24 17
No. 2 "Ceremony of the Endowment"
24 18
Van Dusen, No. 3 Mormon Endowment, A Secret Drama, McGee, and Startling Disclosures of the Mormon Spiritual-Wife System
24 19
No. 4 Narrative of Some of the Proceedings of the Mormons, Lewis
24 20
No. 5 Authentic History of Remarkable Persons
24 21
Thomas, No. 6 Sketch of the Rise, Progress, and Dispersion of the Mormons
24 22
No. 7 Mormonism Exposed, Bowes
24 23
No. 8 Mormon Mysteries, White
24 24
No. 9 Abominations of the Mormons Exposed, Hall
24 25
Hepburn, No. 10 Exposition of the Blasphemous Doctrines
24 26
No. 11 The Seer
24 27
No. 12 Secrets of Mormonism Disclosed
24 28
Taylder, No. 13 Mormon's Own Book
24 29
Gunnison, No. 14 Mormons, or Latter-Day Saints
24 30
Cook, No. 15 Mormons, the Dream and the Reality
24 31
Emmons, No. 16 Spirit Land
24 32
Hyde, No. 17 Mormonism: Its Leaders and Designs
24 33
Green, No. 18 Fifteen Years Among the Mormons
24 34
Remy, No. 19 Journey to the Great-Salt-Lake City
25 1
Waite, No. 20 Mormon Prophet and His Harem
25 2-3
Beadle, No. 21 Life in Utah
25 4
Bundy, No. 22 Mormonism Exposed
25 5
Stenhouse, No. 23 Tell It All
25 6
Stenhouse, No. 23 An Englishwoman in Utah
25 7
Young, No. 24 Wife No. 19
25 8
Young, No. 24 Life in Mormon Bondage
25 9
No. 25 Abominations of The Latter-Day Saints
25 10
No. 26 "Endowments"
25 11
Jepson, No. 27 Among The Mormons
25 12
No. 28 "Lifting The Vail"
25 13
Tenney, No. 29 Colorado and Homes in the New West
25 14
Coyner, No. 30 Hand-Book on Mormonism
25 15
Paddock, No. 31 The Fate of Madame La Tour
25 16
No. 32 Mysteries of Mormonism
25 17
M'Clintock and Strong, No. 33 Cyclopaedia of Biblical, Theological, and Ecclesiastical Literature
25 18
Robinson, No. 34 Sinners And Saints
25 19
Sala, No. 35 America Revisited
25 20
Faithfull, No. 36 Three Visits to America
25 21
Jarman, No. 37 U. S. A. Uncle Sam's Abscess, or Hell Upon Earth
25 22
Nye, No. 38 Baled Hay
25 23
No. 39 Mormonism
25 24
Wyl, No. 40 Mormon Portraits
25 25
No. 41 Few Choice Examples of Mormon Practices and Sermons
25 26
Clampitt, No. 42 Echoes from the Rocky Mountains
25 27
No. 43 History of Utah
25 28
No. 44 Trean; or, The Mormon's Daughter
25 29
No. 45 Tullidge's Histories
25 30
Bostwick, No. 46 As I Found It
25 31
No. 47 Reorganized Church vs. Church of Christ
25 32
Whitney, No. 48 History of Utah
25 33
Howard, No. 49 Journey of a Tour in the United States, Canada and Mexico
25 34
No. 50 Temple Mormonism, Gentile Bureau of Information
25 35
Folk, No. 51 The Mormon Monster
25 36
Linn, No. 52 Story of the Mormons
25 37-38
No. 53 Inside of Mormonism
25 39
No. 54 "Mormon Endowment Ceremony"
25 40
No. 55 Proceedings Before the Committee on Privileges and Elections
25 41
No. 56 "Mysteries of the Endowment House"
25 42
Schroeder, No. 57 A Reply
25 43
Tuttle, No. 58 Reminiscences of A Missionary Bishop
25 44
Freece, No. 59 Letters of an Apostate Mormon to his Son
25 45
Marshall, No. 60 Mormonism Exposed
25 46
Major, No. 61 The Revelation in the Mountain
25 47
Jones, No. 62 Truth About the Mormons
25 48
No. 63 "Hidden Secrets of the Mormon Church"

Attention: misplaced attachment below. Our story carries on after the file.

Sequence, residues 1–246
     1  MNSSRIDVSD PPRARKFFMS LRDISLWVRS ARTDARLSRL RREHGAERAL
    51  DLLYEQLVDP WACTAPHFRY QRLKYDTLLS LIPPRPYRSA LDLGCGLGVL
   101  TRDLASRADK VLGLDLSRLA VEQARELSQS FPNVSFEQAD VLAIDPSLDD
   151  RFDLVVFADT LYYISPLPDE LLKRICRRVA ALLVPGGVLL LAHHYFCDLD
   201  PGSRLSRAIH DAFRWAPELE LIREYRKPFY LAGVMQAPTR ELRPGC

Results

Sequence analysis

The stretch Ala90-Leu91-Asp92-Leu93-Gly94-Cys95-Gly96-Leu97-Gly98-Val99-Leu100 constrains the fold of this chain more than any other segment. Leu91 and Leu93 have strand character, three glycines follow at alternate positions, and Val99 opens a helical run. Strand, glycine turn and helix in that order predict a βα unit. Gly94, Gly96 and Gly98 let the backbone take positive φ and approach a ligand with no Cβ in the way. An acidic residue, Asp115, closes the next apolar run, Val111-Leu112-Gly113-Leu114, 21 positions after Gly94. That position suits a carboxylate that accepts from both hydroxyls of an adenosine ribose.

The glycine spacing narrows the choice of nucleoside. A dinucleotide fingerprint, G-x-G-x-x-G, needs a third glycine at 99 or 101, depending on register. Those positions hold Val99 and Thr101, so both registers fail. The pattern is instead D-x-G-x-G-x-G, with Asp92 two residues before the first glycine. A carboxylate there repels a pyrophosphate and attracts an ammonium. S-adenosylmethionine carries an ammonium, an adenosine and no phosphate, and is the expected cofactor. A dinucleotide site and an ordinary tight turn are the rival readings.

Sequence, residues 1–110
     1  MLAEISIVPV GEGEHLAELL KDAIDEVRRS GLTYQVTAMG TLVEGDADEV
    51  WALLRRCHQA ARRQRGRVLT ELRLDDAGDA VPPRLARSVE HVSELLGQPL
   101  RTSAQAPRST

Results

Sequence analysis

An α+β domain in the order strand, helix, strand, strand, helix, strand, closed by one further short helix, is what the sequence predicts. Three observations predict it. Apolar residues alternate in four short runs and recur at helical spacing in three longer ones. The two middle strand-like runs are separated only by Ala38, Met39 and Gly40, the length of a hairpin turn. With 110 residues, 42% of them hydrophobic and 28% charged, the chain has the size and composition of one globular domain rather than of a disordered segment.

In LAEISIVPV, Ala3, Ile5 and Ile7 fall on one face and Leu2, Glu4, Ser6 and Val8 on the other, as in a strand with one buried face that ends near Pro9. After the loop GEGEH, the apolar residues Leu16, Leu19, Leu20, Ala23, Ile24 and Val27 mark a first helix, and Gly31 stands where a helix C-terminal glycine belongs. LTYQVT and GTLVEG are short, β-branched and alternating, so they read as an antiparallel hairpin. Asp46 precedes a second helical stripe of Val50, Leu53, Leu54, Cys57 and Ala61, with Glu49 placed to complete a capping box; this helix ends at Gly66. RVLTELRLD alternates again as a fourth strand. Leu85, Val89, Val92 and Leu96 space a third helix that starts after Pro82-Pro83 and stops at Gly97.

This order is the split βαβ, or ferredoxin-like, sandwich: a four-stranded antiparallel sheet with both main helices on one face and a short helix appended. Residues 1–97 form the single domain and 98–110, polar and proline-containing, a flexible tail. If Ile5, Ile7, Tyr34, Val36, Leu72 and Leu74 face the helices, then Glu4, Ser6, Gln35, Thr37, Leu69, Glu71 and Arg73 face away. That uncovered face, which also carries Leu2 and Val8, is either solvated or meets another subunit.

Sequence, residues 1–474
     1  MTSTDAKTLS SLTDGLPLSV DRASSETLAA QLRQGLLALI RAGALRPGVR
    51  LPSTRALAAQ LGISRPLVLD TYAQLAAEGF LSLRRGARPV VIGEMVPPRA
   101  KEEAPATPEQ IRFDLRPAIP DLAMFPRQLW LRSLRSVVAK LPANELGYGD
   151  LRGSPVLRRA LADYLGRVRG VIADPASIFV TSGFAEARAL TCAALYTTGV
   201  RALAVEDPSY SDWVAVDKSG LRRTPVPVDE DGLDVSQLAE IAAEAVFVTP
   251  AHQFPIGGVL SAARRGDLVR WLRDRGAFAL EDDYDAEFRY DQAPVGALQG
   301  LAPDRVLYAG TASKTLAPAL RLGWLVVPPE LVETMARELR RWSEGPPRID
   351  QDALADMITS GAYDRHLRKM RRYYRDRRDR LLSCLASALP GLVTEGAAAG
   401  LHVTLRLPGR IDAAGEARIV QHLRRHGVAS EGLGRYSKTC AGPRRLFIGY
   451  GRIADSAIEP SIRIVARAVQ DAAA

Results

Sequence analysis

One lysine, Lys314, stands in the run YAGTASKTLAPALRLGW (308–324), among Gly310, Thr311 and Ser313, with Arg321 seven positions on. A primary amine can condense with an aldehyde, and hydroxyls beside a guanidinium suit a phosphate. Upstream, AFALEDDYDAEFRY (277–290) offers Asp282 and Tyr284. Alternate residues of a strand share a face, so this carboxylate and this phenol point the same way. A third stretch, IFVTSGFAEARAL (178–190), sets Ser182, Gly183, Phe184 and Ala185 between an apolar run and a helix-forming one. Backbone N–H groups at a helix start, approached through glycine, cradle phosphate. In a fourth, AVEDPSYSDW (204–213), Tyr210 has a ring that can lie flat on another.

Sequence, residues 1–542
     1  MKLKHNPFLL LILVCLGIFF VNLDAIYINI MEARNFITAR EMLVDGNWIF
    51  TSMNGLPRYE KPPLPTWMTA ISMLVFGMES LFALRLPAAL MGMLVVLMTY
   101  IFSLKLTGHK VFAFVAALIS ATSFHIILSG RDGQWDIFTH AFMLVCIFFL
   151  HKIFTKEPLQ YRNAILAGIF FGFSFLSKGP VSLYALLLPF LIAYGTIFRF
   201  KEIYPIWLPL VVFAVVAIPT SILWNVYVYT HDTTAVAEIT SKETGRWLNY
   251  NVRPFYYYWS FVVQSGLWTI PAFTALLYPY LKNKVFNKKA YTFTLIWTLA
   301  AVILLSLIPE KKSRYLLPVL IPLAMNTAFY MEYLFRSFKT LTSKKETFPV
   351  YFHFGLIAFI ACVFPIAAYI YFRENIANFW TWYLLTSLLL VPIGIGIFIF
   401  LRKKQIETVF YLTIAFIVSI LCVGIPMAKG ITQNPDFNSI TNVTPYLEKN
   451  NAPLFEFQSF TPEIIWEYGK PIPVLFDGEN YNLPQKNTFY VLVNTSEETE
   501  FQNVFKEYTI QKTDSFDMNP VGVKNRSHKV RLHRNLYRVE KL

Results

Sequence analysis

25 49
Stead, No. 64 Doctrines and Dogmas of Brighamism Exposed
25 50
Kauffman, No. 65 Latter Day Saints
25 51
Kinney, No. 66 Mormonism: The Islam of America
25 52
No. 67 "Secret Oaths and Ceremonies of Mormonism"
25 53
Baskin, No. 68 Reminiscences of Early Utah
25 54
Latimer, No. 69 Why I Left the Mormon Church
26 1
Danielsen, No. 70 Mormonism Exposed
26 2
Thomas, No. 71 Wild Life in the Rocky Mountains
26 3
Martin, No. 72 Mystery of Mormonism
26 4
Goodwin, No. 73 Mormonism and Masonry
26 5
Preuss, No. 74 Dictionary of Secret and Other Societies
26 6
Vellinga, No. 75 Mormon Mysteries Revealed
26 7
No. 76 Temple Mormonism
26 8
Brodie, No. 77 No Man Knows My History
26 9
O'Dea, No. 78 The Mormons
26 10
No. 79 Fundamental Differences
26 11
Harrison, No. 80 Mormonism Now And Then
26 12
Jarman, No. 81 Temple Endowment Ritual and Ceremonies, Reprint
26 13
Whalen, No. 82 Latter-day Saints in the Modern Day World
26 14
Allen, No. 83 "Mormon Money Monster"
26 15
Smith, No. 84 I Visited the Temple
26 16-18
Tanner, No. 85 The Mormon Kingdom
26 19
Holm, No. 86 Mormon Churches
26 20-25
Skousen, No. 87 "Temple Endowment"
26 26
Tanner, No. 88 Mormonism - Shadow or Reality
26 27
Muren, No. 89 "Functions of Temple Ceremonies"
26 28
Smith, No. 90 Has Mormonism Changed...Now?
26 29
No. 91 What's Going On Here?
26 30
Tanner, No. 92 Changing World of Mormonism
26 31
Witte and Fraser, No. 93 What's Going On In Here?
26 32
Christensen, No. 94 Adam-God Maze
26 33
No. 95 Unpublished Revelations
26 34
No. 96 "A Mormon Temple Worker Asks Some Questions"
26 35-36
Sackett, No. 97 What's Going On In There
26 37
Tanner, No. 98 "Pay Lay Ale"
26 38
No. 99 "The God Makers"
26 39
Tanner, No. 100 Mormonism, Magic and Masonry
26 40
No. 101 "Bible-Belt Confrontation"
27 1-3
Temple Garment
27 4
Secret Oaths of the Mormon Temple Endowment
27 5
Holy Order
27 6
Temple Ceremony, Changes
27 7-8
Toscano, "The Missing Rib"
27 9
Order of the Black Sticks
27 10-12
"Second Anointings"
27 13
Buerger, Temple Work Performed
27 14
"The Rise and Fall of `The Mormon Creed'"
27 15
Law of Adoption
27 16
Various Interpretations of the Secret and Holy Mysteries
27 17-18
Second Anointings
27 19
A Book of Anointings
27 20
Early Evolution of Endowment
27 21
Second Anointing Ceremony Text Variation